Mastership, Really?


Research has shown that when individuals are asked to self-assess their ability in relation to other people, many are prone to overestimate. It is referred to as the Dunning-Kruger effect, whereby people with lower ability tend to unduly overrate their talent or knowledge. The rationale researchers posit for this behavior/effect is that "when we are not good at a task, we do not know enough to accurately assess our ability. So, inexperience casts the illusion of expertise." Psychologists have several names to describe this acquired bias or blind spot. Illusory superiority and Lake Wobegon effect stand atop the pile. The quote from Adam McKay seems a perfect fit, "knowing a little, but thinking you know a lot." This illusion also applies to individuals who have watched something being done but have not actually done it on their own. Learning merely by seeing or hearing is often less effective than we believe. Guidance helps but experiential (hands-on) learning is essential. Additionally, researchers note that if you say or hear something often enough you will eventually convince yourself that it must be true. Inculcation and illusory truth effect. Individuals showing either effect usually exhibit an unwavering confidence. How could I possibly be wrong? Classic denial. Research has further concluded that familiarity can overpower rationality, but familiar and common do not necessarily mean true or best. In addition, life and experience have taught me that (1) people do not like to be told they are wrong (that there might be a better way) regardless, (2) many want to judge, but few are qualified to do so and (3) most people resist new and different, instead they seek the comfort of those who agree with their ideas -- often blindly defending them. This ignorance is called confirmation bias -- best offset by education, critical thinking and objectivity.


It is my experience that most drivers and many gardeners have an exaggerated sense of their ability. As regards gardening, one of the main reasons is the faux credential Master Gardener. Q: How can one be "master" of supremely challenging disciplines like gardening and botany merely having taken a short survey extension class and doing 50-hours of volunteer activity? The answer, you will not. Think more like 20,000 hours as the baseline for gardening mastership. Moreover, the test used to determine this title are ludicrous, both the testing format (taking the same test several times and being given the answers) and a passing score of 70%. I do not state this to be mean or insult (see Col. Jessup analogy in my Rantings Preface). I am making an objective assessment having audited the MG program to discover holes prior to writing my book -- FYI, the instructor was good. In addition, I have met and spoken to thousands of these so-called masters. Most have been kind, well-meaning and gardening hungry. I consider many of them friends. I like that they are interested in plants and gardening, but having "very great skill" (i.e., mastery) is another matter. Here is a 2017 online posting I discovered. "It [MGP] sounds good but it is a certification for amateur gardeners." Unfortunately, this statement confuses the meaning of amateur with novice or beginner rather than the literal translation "lover of."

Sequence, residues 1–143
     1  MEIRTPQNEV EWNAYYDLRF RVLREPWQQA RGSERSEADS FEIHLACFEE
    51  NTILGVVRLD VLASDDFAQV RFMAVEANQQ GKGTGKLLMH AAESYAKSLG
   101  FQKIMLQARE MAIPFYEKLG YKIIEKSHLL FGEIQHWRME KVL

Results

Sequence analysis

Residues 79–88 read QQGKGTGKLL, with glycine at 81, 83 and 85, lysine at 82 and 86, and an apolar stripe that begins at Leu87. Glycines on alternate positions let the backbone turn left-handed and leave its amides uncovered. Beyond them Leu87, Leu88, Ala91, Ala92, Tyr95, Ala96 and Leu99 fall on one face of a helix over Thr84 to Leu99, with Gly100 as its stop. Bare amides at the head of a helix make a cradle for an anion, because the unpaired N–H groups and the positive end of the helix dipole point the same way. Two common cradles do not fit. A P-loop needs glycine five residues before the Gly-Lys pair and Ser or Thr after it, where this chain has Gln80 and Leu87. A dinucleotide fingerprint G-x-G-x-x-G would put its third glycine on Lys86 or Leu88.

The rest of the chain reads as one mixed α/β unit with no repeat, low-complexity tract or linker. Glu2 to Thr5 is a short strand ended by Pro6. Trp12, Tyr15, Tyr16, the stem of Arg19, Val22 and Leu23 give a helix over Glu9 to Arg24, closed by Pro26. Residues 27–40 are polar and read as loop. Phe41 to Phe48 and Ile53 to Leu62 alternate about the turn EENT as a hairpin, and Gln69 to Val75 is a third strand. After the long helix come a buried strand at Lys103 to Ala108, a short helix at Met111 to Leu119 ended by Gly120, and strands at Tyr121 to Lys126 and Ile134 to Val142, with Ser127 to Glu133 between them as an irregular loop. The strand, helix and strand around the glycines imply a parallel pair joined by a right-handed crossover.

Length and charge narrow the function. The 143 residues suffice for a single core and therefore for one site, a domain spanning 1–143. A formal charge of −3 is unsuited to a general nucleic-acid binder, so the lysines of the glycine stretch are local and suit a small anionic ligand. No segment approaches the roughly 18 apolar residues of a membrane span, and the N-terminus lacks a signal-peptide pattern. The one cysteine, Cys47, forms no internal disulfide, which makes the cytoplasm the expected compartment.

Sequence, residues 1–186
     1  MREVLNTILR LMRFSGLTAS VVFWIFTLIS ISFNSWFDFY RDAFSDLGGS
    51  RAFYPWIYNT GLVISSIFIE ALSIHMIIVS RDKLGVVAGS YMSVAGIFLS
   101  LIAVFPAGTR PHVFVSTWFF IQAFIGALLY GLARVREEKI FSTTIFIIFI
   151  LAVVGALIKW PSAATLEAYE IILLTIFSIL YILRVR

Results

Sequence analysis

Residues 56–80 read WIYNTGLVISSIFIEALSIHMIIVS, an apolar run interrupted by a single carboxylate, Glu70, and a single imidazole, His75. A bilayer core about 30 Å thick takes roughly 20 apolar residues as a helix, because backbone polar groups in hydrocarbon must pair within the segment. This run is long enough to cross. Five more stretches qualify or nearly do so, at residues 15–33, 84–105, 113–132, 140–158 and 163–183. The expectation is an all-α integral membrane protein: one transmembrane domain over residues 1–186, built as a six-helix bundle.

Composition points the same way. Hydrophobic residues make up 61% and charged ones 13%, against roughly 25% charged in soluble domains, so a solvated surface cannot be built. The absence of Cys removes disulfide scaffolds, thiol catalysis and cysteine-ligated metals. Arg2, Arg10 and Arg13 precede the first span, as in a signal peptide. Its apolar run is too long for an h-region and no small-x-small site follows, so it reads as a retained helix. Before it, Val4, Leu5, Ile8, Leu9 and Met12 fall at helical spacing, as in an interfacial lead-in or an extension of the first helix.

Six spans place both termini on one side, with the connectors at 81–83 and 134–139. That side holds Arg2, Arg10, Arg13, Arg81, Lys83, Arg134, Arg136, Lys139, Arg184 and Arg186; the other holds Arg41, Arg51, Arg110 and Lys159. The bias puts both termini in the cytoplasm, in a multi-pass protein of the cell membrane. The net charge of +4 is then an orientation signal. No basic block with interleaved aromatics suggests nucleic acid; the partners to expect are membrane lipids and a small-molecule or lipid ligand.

If we really have so many "certified" masters -- there are many in my community -- one would think it should manifest as numerous fabulous private gardens, regardless of size. Why then are there so few? The answer: the participants (1) either do not practice -- how can they not if they truly love plants and gardening? OR (2) delude themselves into accepting the master myth because they want to believe. Wishful thinking. Furthermore, if a great university says it is true, it must be. Verification by association. A reality check will reveal otherwise. The program is a good idea, but the presumptive title and the low bar qualifying standard are troubling. Alas, the program often ends up being a social club, and a source of free labor for organizations, with the "masters" parading a bogus honorific -- essentially a scout badge. "I'm a master gardener" is a common utterance, but it is almost always false pride. If these deceived and too often pretentious masters were able to comprehend just how woefully short they are of actual mastery it might cause them to be less bumptious. Besides, the true master need not boast. -- I suggest that the benchmark for the title MG should be much higher, or the name changed (see pic) to reflect the true skill set, and that a dose of humility would help reduce the omnipresent hubris -- much like sulfur on an overly sweet (alkaline) soil.


I want people to be involved with plants, gardening and nature, that is the reason I published a reference textbook, offer classes, give presentations and have this website. I also want people to be more objective, rational and realistic -- gardening and life in general. I have more to say on the subject in my Rantings book -- see especially #6 in the Introduction.



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